- Color&Co, L'Oréal's direct-to-consumer (DTC) brand for at-home hair coloring, added augmented reality (AR) technology to its website to let customers virtually sample new hair colors before placing an order. The "See Yourself in Color" feature works with an uploaded image or in a live photo through a phone or desktop camera, according to details shared with sister publication Mobile Marketer.
- Customers view a side-by-side view that shows a before-and-after shot of the hair coloring, which they can share on social media to get input from friends and family. After the virtual try-on, they can complete a video consultation from Color&Co's team of professional stylists or take an online quiz to determine their ideal hair color goals.
- L'Oréal's virtual try-on tool relies on AR technology developed by Modiface, which the cosmetics giant bought last year for an undisclosed amount. L'Oréal introduced Color&Co in May as a DTC brand that sells at-home hair coloring.
By overlaying digitized coloring on a shoppers' hair, Color&Co can more effectively demonstrate its products and increase the likelihood that consumers are satisfied with their purchase. Improved customer satisfaction can help Color&Co stand out in the $1.4 billion at-home hair color market, per Nielsen data cited by L'Oréal, especially as up to 70% of at-home hair dye users aren't sure which color works best for them.
The addition of an AR try-on feature for Color&Co indicates that L'Oréal's acquisition of Modiface continues to reap benefits for the beauty giant. The Modiface purchase in 2018 was the first time that L'Oréal bought a tech company after years of scooping up other beauty brands like Redken, Kiehl's and Matrix.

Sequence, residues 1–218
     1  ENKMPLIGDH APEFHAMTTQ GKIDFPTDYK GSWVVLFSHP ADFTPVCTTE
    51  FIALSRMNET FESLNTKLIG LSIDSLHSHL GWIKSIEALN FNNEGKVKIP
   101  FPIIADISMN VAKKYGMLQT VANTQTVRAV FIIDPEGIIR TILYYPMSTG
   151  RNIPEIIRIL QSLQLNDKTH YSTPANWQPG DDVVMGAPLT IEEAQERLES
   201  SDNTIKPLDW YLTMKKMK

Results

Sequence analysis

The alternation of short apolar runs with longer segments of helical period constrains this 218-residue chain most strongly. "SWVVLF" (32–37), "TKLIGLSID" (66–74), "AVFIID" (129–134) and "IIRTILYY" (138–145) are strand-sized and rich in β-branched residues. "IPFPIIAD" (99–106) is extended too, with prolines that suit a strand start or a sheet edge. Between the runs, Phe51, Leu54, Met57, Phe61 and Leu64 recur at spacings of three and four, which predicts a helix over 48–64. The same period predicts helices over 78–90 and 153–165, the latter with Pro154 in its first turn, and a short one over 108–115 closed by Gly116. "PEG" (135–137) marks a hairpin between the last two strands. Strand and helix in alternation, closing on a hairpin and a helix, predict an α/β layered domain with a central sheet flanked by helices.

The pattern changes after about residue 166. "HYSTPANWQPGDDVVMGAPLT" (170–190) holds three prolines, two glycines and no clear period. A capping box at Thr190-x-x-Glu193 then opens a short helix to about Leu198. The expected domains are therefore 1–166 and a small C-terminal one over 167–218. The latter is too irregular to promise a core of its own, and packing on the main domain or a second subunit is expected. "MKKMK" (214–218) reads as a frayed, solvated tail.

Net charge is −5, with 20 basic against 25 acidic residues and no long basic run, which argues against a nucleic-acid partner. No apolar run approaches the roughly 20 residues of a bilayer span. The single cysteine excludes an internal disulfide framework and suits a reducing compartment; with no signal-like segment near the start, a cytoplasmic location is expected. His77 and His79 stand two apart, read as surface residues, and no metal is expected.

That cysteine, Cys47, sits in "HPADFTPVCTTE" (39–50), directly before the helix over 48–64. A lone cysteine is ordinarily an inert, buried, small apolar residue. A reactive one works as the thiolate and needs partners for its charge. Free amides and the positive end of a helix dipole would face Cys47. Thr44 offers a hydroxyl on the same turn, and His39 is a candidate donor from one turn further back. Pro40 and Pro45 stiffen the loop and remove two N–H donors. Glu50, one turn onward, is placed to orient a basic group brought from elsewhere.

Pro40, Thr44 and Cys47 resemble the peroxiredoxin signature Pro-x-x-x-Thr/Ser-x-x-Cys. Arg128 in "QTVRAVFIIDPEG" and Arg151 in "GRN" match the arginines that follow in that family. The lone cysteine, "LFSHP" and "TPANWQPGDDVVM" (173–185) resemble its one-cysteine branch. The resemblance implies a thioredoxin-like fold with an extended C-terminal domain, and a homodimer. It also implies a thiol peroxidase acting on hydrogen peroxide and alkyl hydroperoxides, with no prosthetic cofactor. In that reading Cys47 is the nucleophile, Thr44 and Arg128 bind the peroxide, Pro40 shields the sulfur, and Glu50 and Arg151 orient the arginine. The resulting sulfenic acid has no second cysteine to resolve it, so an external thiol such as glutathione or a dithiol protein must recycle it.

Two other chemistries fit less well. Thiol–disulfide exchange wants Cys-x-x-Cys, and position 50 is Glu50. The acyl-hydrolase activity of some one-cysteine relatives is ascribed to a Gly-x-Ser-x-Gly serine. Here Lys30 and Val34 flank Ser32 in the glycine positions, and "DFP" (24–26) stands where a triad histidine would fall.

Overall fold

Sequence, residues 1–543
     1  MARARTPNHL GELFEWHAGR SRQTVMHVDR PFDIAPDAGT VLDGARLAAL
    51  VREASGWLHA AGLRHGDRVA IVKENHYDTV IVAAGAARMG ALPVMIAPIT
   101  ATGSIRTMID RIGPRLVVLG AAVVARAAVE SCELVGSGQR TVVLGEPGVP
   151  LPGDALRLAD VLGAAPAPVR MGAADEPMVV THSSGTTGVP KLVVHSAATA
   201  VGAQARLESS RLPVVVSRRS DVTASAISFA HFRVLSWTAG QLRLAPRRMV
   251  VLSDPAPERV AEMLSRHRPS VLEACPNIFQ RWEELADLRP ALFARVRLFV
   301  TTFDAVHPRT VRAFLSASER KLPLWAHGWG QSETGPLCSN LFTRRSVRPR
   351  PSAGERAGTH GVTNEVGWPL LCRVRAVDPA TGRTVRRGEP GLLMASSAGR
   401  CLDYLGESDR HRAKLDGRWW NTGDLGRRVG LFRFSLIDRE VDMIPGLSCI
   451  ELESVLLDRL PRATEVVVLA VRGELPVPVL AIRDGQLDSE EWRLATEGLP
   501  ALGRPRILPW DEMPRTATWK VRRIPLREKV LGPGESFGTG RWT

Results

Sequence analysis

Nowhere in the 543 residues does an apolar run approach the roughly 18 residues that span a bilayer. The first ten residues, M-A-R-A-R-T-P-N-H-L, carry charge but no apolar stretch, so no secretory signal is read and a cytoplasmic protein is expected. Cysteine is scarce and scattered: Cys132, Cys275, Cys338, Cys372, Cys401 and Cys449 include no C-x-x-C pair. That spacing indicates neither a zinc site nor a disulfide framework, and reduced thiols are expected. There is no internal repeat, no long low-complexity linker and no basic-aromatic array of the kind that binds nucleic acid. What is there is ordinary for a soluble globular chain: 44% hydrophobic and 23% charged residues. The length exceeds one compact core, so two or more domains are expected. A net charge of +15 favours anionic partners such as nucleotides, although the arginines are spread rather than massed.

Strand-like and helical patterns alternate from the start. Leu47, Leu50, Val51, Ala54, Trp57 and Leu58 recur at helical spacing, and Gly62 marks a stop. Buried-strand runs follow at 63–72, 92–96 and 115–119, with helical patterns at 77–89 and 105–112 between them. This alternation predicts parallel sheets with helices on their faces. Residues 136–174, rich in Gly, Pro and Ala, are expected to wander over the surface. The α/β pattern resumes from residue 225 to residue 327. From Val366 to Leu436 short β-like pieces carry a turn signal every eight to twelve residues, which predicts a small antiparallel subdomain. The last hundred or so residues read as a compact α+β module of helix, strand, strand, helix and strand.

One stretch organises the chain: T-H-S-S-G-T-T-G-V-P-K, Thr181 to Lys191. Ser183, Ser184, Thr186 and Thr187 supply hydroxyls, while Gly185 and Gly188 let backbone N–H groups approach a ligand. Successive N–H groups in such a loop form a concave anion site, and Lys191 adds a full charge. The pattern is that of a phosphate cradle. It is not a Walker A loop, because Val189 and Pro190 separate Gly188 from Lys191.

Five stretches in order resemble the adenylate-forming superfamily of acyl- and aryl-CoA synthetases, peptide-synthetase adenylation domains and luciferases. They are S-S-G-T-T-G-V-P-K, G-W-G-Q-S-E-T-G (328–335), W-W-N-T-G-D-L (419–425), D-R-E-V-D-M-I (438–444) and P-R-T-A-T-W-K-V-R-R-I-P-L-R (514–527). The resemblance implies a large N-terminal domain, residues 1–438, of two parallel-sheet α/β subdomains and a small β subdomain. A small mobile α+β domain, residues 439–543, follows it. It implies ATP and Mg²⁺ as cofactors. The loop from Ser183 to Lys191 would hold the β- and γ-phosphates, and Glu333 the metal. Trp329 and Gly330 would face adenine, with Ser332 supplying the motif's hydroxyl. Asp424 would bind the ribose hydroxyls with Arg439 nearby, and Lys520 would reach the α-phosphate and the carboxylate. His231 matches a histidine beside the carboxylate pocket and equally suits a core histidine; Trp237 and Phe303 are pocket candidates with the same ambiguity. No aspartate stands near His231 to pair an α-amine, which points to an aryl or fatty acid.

L'Oréal in June brought Modiface's AR technology to Amazon via virtual lipstick shades in yet another move toward digitizing its commerce capabilities and meeting consumers on their preferred platforms.
Color&Co is the latest beauty brand to adopt AR technology to enhance the customer experience. DTC beauty brand Younique last month introduced its "Younique Beauty Guide" to let mobile users try on products from seven cosmetics categories before making a purchase. Modiface's rival, Perfect Corp., rolled out its "YouCam for Web" feature in July that helps consumers test products via AR.
DTC brands like Color&Co aim to reach consumers who prioritize conveniences like mobile shopping, in-store pickup and home delivery. Almost half of consumers now purchase from disruptor DTC brands, per a study by the Interactive Advertising Bureau that found these shoppers tend to be younger than consumers who shop traditional brands.
L'Oréal is among the established marketers that aim to reach these consumers with a DTC brand, especially as rivals like Madison Reed adopt similar AR technology to demonstrate its at-home hair coloring products. Other companies are buying DTC brands to avoid losing out to startups that are building a following among younger consumers. Edgewell Personal Care, which owns brands like Schick razors, in May announced its plan to acquire DTC razor startup Harry's for $1.37 billion. Similarly, Procter & Gamble recently acquired the DTC marketer Walker & Company, which promotes grooming lines for men and women with textured hair, as well as the purpose-driven feminine care products maker This Is L.